I have been meeting more and more people, both in person and online through social media sites like Facebook, who aren’t sure they need to go to church to be Christian. They make various arguments, at times they are sincere, but rarely are they based on the bible. I suppose, perhaps, you could be a Christian who doesn’t hold God’s word to be particularly important, but I wonder what sort of Christian that would be. Taking a time away from church either for a short period or a long one, is pretty standard for teenagers, but so too is whining about work, sleeping half the day, playing video games, reading comic books, not brushing teeth, and depending on your parents for food and shelter (a caricature, I know that ignores the good they are capable of). The people I am writing about are mostly adults acting like teenagers at their worst.
Here’s the thing. I know that a time away can be refreshing (I didn’t go to church for years in a teenage huff, and now look at me!). I also know that worshipping communities can burn people and that this happens in all sorts of ways. Despite that being true the bible suggests that Christians participate in communities of faith. There comes a time, I believe, when what was a fair and proper and safe distancing from the worshipping body turns into navel gazing or teenage self-righteousness (we’ve all been there!), it’s like too much of a good thing (if avoiding church can be called good, which in some cases it probably can, for a while). More importantly, I have noticed that neglecting the church seems to turn individual, self-purported Christians, into very poor theologians and bible readers inclined to post all sorts of sloppy thinking about the bible online. That is shame.
It’s a shame because these are mostly good-hearted people trying to understand some of the deeper mysteries of the universe, and they are doing it alone. Most great things are better done in community and with help and without them even the best minds and the best-intentioned hearts are bound to go astray because we live in a broken world which is part of why Proverbs says “As iron sharpens iron, so one person sharpens another” (Prov. 27:17, NIV). Community helps us to stay sharp and its helps us to ensure that when we read and interpret the scriptures we do so fairly and accurately. (To be clear I am not suggesting I, as pastor, have all the answers, but that as a community we have a better shot at accuracy than any of us do alone).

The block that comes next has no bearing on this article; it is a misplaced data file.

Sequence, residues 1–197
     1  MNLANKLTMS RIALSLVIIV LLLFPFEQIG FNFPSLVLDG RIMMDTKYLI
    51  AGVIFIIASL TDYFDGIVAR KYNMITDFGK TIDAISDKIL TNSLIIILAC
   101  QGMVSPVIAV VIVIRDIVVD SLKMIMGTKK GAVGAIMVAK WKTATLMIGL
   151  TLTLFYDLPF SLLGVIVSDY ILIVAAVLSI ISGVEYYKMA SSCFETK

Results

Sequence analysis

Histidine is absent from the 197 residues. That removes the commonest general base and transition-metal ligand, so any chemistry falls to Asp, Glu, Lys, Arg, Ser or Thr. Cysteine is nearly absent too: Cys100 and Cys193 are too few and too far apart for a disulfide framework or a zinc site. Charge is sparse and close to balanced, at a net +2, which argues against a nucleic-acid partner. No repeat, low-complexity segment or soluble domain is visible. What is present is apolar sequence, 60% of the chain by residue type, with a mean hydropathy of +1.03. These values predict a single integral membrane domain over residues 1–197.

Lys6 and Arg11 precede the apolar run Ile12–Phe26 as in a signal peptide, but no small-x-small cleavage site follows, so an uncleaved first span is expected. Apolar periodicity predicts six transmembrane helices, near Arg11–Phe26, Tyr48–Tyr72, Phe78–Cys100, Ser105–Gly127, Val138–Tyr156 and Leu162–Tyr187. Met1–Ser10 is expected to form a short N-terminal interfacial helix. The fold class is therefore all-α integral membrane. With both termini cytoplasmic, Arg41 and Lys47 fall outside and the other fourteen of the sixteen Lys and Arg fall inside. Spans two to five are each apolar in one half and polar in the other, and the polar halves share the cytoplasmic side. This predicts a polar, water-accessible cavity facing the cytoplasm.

The New Testament also suggests this as Hebrews says “let us consider how we may spur one another on toward love and good deeds, not giving up meeting together, as some are in the habit of doing, but encouraging one another” (Heb. 10:24-25a, NIV). Doing good deeds and increasing the amount of love in the world, a sort of shorthand for working towards the Kingdom of God and living to the potential we have within us, is best done in community. The bible knows that we will need encouragement and the church is the place for it.
Let us not give up meeting…it is dangerous to do so.
Let us not give up meeting…lest we become more like world and less like Christ
Let us not give up meeting…even if the world tempts us to.
I don’t intend this to sound harsh or mean, I truly desire that the church be a place people can return to after a period away. I do intend this to sound serious and important, because I believe it is.
I suppose I want to end this little blog post with two pleas
The first is directed to those who have been staying away from church: come back, it will be good for your soul to do so, it may take humility and grace, but with Jesus such things are possible. Please, at the very least read your bible and consider if you are really as correct as you think you are about the role of the community of faith in a life of faith.
To those in the church: please pray for those who are lost, those who are becoming more lost every day. Invite people to church, invite people to come back to church, express to others the role the church plays in your life of faith.
Let us not give up meeting together